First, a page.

Graphene does make a very good chemical sensor, but the sensors’ performance improves even more when the material has more imperfections. Go figure.
“This is quite the opposite of what you would want for transistors, for example,” said Eric Pop, an assistant professor of electrical and computer engineering at the University of Illinois and a member of the interdisciplinary research team. “Finding that the less perfect they were, the better they worked, was counter intuitive at first.”
The research group includes researchers from chemical engineering and electrical engineering, and from a startup company, Dioxide Materials.
“The objective of this work was to understand what limits the sensitivity of simple, two-terminal graphene chemiresistors, and to study this in the context of inexpensive devices easily manufactured by chemical vapor deposition (CVD),” said Amin Salehi-Khojin and David Estrada, lead authors of a paper on the subject.
The researchers found the response of graphene chemiresistors depends on the types and geometry of their defects.
“Nearly-pristine graphene chemiresistors are less sensitive to analyte molecules because adsorbates bind to point defects, which have low resistance pathways around them,” said Salehi-Khojin, a research scientist at Dioxide Materials and post-doctoral research associate in the Department of Chemical and Biomolecular Engineering (ChemE) at Illinois. “As a result, adsorption at point defects only has a small effect on the overall resistance of the device. On the other hand, micrometer-sized line defects or continuous lines of point defects are different because no easy conduction paths exist around such defects, so the resistance change after adsorption is significant.”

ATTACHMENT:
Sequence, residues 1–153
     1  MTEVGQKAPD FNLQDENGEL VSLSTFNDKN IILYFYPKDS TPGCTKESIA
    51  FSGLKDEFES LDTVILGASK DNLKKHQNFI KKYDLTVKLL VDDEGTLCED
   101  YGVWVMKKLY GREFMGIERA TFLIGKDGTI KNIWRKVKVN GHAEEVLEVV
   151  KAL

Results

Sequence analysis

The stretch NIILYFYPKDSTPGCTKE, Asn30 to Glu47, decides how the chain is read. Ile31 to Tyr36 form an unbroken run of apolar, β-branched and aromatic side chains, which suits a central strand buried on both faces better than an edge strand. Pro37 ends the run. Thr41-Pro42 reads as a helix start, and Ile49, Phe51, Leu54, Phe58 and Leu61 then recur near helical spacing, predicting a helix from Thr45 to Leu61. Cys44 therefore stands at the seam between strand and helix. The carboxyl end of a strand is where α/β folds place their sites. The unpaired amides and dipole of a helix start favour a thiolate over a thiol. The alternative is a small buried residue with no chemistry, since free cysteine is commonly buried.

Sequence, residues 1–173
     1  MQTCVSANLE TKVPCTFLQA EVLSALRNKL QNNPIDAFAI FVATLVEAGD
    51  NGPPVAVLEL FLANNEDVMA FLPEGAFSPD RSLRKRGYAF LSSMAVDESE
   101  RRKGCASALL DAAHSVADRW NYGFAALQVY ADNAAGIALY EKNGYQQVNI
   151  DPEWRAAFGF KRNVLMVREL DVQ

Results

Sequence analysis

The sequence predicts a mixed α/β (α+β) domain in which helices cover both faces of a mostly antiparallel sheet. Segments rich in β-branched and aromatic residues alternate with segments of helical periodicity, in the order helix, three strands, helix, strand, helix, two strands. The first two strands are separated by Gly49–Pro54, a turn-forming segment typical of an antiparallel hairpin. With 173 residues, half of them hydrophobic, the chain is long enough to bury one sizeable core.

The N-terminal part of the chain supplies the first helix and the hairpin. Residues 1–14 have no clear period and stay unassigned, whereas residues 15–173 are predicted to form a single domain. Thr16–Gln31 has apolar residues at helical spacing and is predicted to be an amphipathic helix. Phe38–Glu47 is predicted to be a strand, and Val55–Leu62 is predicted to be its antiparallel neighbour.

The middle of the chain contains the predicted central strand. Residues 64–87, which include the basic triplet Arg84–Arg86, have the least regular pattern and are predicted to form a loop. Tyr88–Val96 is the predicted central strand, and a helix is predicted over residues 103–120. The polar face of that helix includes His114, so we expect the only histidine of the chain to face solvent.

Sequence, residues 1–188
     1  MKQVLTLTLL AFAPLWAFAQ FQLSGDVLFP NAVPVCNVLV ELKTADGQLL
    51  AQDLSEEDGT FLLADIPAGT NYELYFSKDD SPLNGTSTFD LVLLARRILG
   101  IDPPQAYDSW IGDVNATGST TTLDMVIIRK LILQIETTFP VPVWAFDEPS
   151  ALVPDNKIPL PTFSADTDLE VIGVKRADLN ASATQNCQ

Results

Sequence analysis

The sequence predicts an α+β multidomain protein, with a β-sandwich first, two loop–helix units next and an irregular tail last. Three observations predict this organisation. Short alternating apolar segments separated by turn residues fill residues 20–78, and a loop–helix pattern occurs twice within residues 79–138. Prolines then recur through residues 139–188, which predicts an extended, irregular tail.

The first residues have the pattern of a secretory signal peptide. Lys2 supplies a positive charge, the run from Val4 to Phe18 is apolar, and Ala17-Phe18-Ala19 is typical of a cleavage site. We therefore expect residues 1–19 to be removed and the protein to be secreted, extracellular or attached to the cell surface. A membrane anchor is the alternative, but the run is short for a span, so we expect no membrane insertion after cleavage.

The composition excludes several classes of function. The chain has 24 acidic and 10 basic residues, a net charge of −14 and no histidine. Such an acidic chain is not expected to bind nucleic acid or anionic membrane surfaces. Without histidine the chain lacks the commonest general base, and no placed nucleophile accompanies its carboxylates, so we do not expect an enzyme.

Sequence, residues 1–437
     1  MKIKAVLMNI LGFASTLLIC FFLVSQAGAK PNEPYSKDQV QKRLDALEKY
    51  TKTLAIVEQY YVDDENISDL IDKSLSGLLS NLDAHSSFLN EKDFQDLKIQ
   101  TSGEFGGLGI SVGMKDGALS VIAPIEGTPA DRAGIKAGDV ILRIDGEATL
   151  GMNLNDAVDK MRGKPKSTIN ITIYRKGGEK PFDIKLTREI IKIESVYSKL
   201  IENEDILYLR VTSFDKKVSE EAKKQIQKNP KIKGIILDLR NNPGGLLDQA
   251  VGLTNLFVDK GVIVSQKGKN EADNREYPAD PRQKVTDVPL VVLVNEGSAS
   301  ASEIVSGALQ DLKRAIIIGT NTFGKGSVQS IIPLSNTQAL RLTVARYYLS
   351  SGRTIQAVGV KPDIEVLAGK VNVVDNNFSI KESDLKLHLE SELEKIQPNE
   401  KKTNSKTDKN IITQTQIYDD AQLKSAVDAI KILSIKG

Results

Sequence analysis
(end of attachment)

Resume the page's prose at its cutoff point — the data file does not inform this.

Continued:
“This can lead to better and cheaper gas sensors for a variety of applications such as energy, homeland security and medical diagnostics” said Estrada who is a doctoral candidate in the Department of Electrical and Computer Engineering.
The two-dimensional nature of defective, CVD-grown graphene chemiresistors causes them to behave differently than carbon nanotube chemiresistors, the authors said. This sensitivity is further improved by cutting the graphene into ribbons of width comparable to the line defect dimensions, or micrometers in this study.
“What we determined is that the gases we were sensing tend to bind to the defects,” Pop said. “Surface defects in graphene are either point-, wrinkle-, or line-like. We found that the points do not matter very much and the lines are most likely where the sensing happens.”
“The graphene ribbons with line defects appear to offer superior performance as graphene sensors,” said ChemE professor emeritus and Dioxide Materials Chief Executive Richard Masel. “Going forward, we think we may be able engineer the line defects to maximize the material’s sensitivity. This novel approach should allow us to produce inexpensive and sensitive chemical sensors with the performance better than that of carbon nanotube sensors.”